Documents on the Assassination of President John F. Kennedy

Featured Content November 20, 2018 – Anniversary of the assassination of President John F. Kennedy. Explore related documents on govinfo


Skip to: Post JFK Assassination Audio Tape RecordingsWarren Commission ReportWarren Commission HearingsOther Related Publications


“All this will not be finished in the first one hundred days, nor in the first one thousand days, nor in the life of this administration. Nor even perhaps in our lifetime on this planet. But let us begin.”

President John F. Kennedy at his 1963 Inauguration

In June 1963, President John F. Kennedy met with Vice President Lyndon B. Johnson and Texas Governor John Connally in El Paso, Texas. They discussed the upcoming 1964 presidential election. President Kennedy had not yet announced that he would be running again, but according to the JFK Library, “it was clear that President Kennedy was going to run and he seemed confident about his chances for re-election.” At the meeting, they determined the need to carry the two states in the South that had the most electoral votes to win in the upcoming election. Campaigning in Florida and Texas became high priority.


In November, President Kennedy set off to campaign in those states. On November 21, the president, accompanied by the first lady, boarded Air Force One to head to Texas. After visiting San Antonio, Houston, and Fort Worth, on November 22, the Kennedys took a quick 13-minute flight from Fort Worth to Dallas. When they landed at Love Field, an adoring crowd was there to greet them.


Mrs. Kennedy received a bouquet of red roses upon arriving in Dallas. She carried them with her to the limousine, where Governor Connally and his wife, Nellie, who had yellow roses, were already sitting.


The specially-fabricated Lincoln automobile had a plastic bubble top, but agents had instructions from the President that the only time the bubble top was to be used was if there was inclement weather, or if Mrs. Kennedy’s hair was getting out of place from strong winds. Though it had been drizzling earlier in the morning, the skies had cleared for their ride around Dallas. Thus, no need for the bubble top.


The excited onlookers could see the Kennedys and Connallys up-close-and-personal as they drove through downtown Dallas. The cheering crowds continued to grow and grow. Secret Service Agent for Mrs. Kennedy, Clint Hill, hopped on the back of the car several times in case he needed to fend off rowdy fans who were flooding the left-hand side of the street along which Mrs. Kennedy was riding.


The plan was to stop at the Trade Mart where President Kennedy was scheduled to speak at a luncheon. That meant the car needed to decelerate to make the sharp turn from Houston onto Elm Street.


As the car was passing the Texas School Book Depository, at around 12:30 p.m., shots were fired, striking the president in the head and neck and the governor in the back. The beautiful red and yellow roses from earlier in the day were scattered throughout the car.


Almost immediately, Lee Harvey Oswald was arrested and held for the assassination of John F. Kennedy. Two days later, Oswald was shot and killed on live television while being transferred from police headquarters to the county jail.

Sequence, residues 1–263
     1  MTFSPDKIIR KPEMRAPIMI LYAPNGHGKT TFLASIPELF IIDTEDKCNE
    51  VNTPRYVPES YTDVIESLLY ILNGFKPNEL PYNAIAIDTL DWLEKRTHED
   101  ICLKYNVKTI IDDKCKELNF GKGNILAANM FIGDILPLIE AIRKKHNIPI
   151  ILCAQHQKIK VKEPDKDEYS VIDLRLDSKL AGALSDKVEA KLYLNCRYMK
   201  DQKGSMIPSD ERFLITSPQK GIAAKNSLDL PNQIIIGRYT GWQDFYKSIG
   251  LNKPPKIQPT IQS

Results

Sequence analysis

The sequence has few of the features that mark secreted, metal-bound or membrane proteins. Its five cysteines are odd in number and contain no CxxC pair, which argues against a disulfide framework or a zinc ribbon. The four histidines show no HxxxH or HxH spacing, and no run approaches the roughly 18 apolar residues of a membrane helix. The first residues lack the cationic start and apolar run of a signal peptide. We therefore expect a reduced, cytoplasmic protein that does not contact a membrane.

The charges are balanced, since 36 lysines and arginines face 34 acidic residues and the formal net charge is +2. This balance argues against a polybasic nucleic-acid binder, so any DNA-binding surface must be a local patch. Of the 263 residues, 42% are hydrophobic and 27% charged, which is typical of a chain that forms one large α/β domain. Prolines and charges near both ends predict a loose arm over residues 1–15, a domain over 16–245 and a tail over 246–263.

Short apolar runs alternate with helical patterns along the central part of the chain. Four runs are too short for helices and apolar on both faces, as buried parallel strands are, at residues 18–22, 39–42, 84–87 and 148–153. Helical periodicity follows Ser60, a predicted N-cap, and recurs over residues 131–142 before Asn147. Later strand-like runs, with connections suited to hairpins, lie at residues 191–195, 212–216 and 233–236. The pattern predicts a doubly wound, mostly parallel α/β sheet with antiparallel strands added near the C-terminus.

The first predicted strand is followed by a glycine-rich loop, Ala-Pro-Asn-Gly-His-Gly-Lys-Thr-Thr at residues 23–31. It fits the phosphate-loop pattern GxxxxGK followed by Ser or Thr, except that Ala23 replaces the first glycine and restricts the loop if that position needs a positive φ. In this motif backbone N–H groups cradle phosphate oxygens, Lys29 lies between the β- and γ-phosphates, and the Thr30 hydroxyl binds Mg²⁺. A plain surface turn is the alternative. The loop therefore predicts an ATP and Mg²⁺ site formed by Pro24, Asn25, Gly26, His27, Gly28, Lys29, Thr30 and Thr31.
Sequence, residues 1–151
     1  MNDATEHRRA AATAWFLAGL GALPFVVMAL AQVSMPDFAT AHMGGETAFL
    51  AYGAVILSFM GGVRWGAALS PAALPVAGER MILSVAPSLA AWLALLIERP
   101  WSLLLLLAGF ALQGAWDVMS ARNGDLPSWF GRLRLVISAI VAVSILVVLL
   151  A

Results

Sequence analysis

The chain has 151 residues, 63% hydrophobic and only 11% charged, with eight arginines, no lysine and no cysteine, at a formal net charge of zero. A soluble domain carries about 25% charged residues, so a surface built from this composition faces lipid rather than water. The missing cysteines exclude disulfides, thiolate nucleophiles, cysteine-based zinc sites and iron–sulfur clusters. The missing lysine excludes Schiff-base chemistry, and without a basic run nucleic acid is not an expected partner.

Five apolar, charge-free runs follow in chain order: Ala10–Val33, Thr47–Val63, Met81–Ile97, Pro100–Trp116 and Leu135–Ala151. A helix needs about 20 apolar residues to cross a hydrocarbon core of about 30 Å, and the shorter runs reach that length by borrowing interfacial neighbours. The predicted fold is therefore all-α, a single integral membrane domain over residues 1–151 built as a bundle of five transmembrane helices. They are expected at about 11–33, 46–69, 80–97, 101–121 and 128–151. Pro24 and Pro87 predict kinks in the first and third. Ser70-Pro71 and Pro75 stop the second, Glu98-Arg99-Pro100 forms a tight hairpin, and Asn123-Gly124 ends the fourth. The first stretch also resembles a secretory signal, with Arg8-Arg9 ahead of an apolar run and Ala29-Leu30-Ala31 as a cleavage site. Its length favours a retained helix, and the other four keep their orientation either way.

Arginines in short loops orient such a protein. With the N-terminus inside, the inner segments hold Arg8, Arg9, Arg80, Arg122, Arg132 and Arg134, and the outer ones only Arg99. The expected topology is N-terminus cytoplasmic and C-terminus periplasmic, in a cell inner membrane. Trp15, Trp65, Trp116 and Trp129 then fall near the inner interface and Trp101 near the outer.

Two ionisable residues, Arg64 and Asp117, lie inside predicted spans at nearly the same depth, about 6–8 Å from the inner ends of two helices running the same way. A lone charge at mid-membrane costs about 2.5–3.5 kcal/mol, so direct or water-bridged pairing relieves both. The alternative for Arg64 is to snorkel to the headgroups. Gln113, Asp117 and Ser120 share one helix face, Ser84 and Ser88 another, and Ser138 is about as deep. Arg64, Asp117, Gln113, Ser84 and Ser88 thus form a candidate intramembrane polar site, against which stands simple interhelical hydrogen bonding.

Ninety-nine minutes after the president’s death, Vice President Johnson took the oath of office with a brave Jackie Kennedy by his side on Air Force One. The conversations that took place after the Kennedy assassination among various individuals in Washington, DC, Air Force One pilots, and officials on board the flight from Dallas to Andrews Air Force Base were recorded. These audio tape recordings are available at GPO and the National Archives. One conversation is that of President Lyndon B. Johnson being connected to President Kennedy’s mother, Rose, to offer his condolences. Listen to the recordings on govinfo by clicking on the MP3 links below.


One week after JFK’s death, as the nation – and the world – mourned the loss of President Kennedy and remained stunned by the senseless tragedy, President Johnson appointed the President’s Commission on the Assassination of President Kennedy. Led by Chief Justice Earl Warren, it became known as the Warren Commission. The commission's purpose was to evaluate matters relating to the assassination and the subsequent killing of the alleged assassin and to report its findings and conclusions to President Johnson. The U.S. Government Publishing Office (GPO) produced the report and 26 hearing volumes in 1964. GPO's work for the Commission resulted in nearly 235,000 copies of the report and nearly 5,600 sets of the hearings. Read the full report on govinfo by clicking on the links below.

(Source: JFK Library )


See also: the National Archives' President John F. Kennedy Assassination Records Collection including the 2018 additional documents release.


Post JFK Assassination Audio Tape Recordings

Audio tape recordings of conversations that took place after the Kennedy assassination are available at GPO and the National Archives.

November 22, 1963 is the day President John F. Kennedy was assassinated. The audio tape recordings are of conversations between various individuals in Washington, DC, Air Force One pilots, and officials on board the flight from Dallas to Andrews Air Force Base following the assassination of President Kennedy. One conversation is of President Lyndon B. Johnson being connected to Rose Kennedy to offer his condolences.